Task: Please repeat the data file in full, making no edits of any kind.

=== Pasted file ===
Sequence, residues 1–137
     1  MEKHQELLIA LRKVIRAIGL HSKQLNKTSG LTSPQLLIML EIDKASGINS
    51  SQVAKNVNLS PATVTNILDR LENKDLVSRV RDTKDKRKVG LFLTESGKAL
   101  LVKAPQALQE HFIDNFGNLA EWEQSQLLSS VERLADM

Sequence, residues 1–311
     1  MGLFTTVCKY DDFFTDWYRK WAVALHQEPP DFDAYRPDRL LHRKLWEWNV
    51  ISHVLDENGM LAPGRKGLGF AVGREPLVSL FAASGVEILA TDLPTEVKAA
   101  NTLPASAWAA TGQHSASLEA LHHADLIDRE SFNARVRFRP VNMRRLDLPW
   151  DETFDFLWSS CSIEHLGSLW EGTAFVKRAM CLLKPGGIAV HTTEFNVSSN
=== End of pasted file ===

Sequence, residues 1–137
     1  MEKHQELLIA LRKVIRAIGL HSKQLNKTSG LTSPQLLIML EIDKASGINS
    51  SQVAKNVNLS PATVTNILDR LENKDLVSRV RDTKDKRKVG LFLTESGKAL
   101  LVKAPQALQE HFIDNFGNLA EWEQSQLLSS VERLADM

Sequence, residues 1–311
     1  MGLFTTVCKY DDFFTDWYRK WAVALHQEPP DFDAYRPDRL LHRKLWEWNV
    51  ISHVLDENGM LAPGRKGLGF AVGREPLVSL FAASGVEILA TDLPTEVKAA
   101  NTLPASAWAA TGQHSASLEA LHHADLIDRE SFNARVRFRP VNMRRLDLPW
   151  DETFDFLWSS CSIEHLGSLW EGTAFVKRAM CLLKPGGIAV HTTEFNVSSN